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ABSTRACT: Angiotensin converting enzyme inhibitors (ACEi) and angiotensin II receptor blockers (ARB) are the standard clinical therapy of diabetic nephropathy (DN), while aldosterone antagonists are only used as adjuncts. Previously in experimental DN we showed that Na/K ATPase (NKA) is mislocated and angiotensin II leads to superimposed renal progression. Here we investigated the monotherapeutic effect of aldosterone blockers on the progression of DN and renal NKA alteration in comparison to ACEi and ARBs. Streptozotocin-diabetic rats developing DN were treated with aldosterone antagonists; ACEi and ARB. Renal function, morphology, protein level and tubular localization of NKA were analyzed. To evaluate the effect of high glucose per se; HK-2 proximal tubular cells were cultured in normal or high concentration of glucose and treated with the same agents. Aldosterone antagonists were the most effective in ameliorating functional and structural kidney damage and they normalized diabetes induced bradycardia and weight loss. Aldosterone blockers also prevented hyperglycemia and diabetes induced increase in NKA protein level and enzyme mislocation. A monotherapy with aldosterone antagonists might be as, or more effective than ACEi or ARBs in the prevention of STZ-induced DN. Furthermore the alteration of the NKA could represent a novel pathophysiological feature of DN and might serve as an additional target of aldosterone blockers.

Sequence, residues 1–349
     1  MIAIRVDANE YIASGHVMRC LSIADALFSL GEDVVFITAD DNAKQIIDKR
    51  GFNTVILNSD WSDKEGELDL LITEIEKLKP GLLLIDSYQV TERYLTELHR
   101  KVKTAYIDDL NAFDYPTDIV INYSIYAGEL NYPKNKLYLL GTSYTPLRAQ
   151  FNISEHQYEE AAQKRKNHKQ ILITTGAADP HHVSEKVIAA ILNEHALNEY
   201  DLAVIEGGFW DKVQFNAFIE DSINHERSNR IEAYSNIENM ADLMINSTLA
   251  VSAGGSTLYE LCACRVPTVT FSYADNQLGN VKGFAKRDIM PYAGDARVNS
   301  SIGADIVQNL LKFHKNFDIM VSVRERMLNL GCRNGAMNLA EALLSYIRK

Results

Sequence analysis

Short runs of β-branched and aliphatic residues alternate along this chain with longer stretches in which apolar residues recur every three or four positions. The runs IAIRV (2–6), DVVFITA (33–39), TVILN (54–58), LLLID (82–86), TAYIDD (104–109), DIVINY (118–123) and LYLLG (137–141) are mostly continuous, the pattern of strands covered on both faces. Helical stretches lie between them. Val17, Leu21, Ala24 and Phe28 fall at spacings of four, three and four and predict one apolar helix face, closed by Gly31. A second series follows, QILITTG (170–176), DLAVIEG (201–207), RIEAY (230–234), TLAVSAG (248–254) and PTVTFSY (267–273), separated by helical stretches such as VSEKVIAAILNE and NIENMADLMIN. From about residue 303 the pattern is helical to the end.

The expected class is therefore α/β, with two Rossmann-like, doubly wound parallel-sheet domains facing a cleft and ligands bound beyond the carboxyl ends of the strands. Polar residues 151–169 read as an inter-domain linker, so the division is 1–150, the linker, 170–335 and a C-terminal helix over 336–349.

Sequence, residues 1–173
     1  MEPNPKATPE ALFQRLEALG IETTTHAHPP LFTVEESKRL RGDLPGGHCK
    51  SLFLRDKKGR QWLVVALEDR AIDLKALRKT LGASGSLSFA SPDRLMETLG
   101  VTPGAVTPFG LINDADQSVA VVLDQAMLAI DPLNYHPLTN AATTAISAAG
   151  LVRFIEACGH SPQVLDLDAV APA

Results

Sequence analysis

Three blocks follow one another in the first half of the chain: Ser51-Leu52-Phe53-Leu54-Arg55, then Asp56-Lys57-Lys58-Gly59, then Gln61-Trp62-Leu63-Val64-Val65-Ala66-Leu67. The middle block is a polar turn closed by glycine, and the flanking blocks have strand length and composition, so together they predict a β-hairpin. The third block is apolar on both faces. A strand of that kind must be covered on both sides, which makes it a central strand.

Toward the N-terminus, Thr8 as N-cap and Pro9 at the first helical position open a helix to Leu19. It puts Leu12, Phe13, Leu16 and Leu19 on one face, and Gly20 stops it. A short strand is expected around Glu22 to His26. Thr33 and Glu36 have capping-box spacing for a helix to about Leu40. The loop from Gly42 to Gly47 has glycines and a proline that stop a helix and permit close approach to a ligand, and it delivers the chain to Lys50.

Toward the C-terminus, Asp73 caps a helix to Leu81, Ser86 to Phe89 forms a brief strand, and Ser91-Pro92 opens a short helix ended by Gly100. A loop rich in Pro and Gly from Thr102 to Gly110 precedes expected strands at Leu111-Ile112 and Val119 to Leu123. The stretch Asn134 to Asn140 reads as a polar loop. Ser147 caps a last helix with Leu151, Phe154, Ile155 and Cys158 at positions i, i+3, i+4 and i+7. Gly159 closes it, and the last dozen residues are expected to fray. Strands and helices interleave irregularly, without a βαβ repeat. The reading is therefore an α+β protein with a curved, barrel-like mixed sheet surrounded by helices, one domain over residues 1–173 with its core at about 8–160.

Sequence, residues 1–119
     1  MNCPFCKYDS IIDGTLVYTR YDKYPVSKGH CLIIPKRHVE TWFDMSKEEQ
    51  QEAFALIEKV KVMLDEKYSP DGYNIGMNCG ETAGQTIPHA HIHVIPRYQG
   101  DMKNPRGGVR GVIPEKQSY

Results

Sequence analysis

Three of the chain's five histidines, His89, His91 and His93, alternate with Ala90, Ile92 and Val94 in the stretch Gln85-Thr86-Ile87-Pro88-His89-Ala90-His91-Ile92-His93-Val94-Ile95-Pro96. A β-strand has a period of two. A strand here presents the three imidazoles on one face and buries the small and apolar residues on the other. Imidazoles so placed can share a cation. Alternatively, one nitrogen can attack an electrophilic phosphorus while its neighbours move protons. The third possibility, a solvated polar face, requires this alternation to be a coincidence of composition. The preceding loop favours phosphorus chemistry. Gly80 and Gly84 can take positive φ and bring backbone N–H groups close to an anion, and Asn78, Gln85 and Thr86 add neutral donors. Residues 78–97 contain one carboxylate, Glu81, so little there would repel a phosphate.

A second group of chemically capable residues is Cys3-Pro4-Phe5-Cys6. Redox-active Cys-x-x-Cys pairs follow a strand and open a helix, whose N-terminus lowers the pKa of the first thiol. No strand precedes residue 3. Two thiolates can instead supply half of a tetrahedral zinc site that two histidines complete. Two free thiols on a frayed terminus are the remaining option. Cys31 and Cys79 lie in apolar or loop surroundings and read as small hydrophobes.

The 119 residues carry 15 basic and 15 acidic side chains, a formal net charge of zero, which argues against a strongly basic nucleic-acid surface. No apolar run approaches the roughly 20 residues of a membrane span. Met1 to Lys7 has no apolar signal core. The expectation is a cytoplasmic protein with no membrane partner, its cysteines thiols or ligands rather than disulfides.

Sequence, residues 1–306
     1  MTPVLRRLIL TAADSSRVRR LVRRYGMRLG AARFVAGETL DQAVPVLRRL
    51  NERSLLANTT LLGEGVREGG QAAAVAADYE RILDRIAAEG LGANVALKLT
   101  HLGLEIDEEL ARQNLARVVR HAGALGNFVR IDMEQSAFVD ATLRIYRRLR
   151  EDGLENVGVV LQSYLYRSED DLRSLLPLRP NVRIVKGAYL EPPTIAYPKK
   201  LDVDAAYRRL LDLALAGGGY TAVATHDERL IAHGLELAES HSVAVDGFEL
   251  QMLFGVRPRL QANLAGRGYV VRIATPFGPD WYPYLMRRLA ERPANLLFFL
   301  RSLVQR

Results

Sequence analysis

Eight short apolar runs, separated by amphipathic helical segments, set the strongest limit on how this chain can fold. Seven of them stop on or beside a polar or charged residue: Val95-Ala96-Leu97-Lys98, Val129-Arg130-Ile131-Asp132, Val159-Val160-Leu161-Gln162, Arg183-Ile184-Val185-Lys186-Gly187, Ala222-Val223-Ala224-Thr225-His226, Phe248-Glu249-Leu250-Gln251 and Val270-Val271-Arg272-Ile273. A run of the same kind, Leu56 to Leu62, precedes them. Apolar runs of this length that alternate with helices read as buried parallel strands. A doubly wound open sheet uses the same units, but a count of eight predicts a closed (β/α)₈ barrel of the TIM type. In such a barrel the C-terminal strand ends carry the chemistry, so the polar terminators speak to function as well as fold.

Available from: Gerald W Hart
- "We previously demonstrated increased O-GlcNAcylation in the kidney and pancreas of the Goto-Kakizaki (GK) rat, which is an animal model of type 2 diabetes [10,11]. Also, altered O-GlcNAcylation and O-GlcNAc transferase (OGT) expression were recently reported in the kidney from diabetic patients . "
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The objective of the present study is to identify proteins that change in the extent of the modification with O-linked N-acetylglucosamine (O-GlcNAcylation) in the kidney from diabetic model Goto-Kakizaki (GK) rats, and to discuss the relation between O-GlcNAcylation and the pathological condition in diabetes.
O-GlcNAcylated proteins were identified by two-dimensional gel electrophoresis, immunoblotting and peptide mass fingerprinting. The level of O-GlcNAcylation of these proteins was examined by immunoprecipitation, immunoblotting and in situ Proximity Ligation Assay (PLA).
O-GlcNAcylated proteins that changed significantly in the degree of O-GlcNAcylation were identified as cytoskeletal proteins (α-actin, α-tubulin, α-actinin 4, myosin) and mitochondrial proteins (ATP synthase β, pyruvate carboxylase). The extent of O-GlcNAcylation of the above proteins increased in the diabetic kidney. Immunofluorescence and in situ PLA studies revealed that the levels of O-GlcNAcylation of actin, α-actinin 4 and myosin were significantly increased in the glomerulus and the proximal tubule of the diabetic kidney. Immunoelectron microscopy revealed that immunolabeling of α-actinin 4 is disturbed and increased in the foot process of podocytes of glomerulus and in the microvilli of proximal tubules.
These results suggest that changes in the O-GlcNAcylation of cytoskeletal proteins are closely associated with the morphological changes in the podocyte foot processes in the glomerulus and in microvilli of proximal tubules in the diabetic kidney. This is the first report to show that α-actinin 4 is O-GlcNAcylated. α-Actinin 4 will be a good marker protein to examine the relation between O-GlcNAcylation and diabetic nephropathy.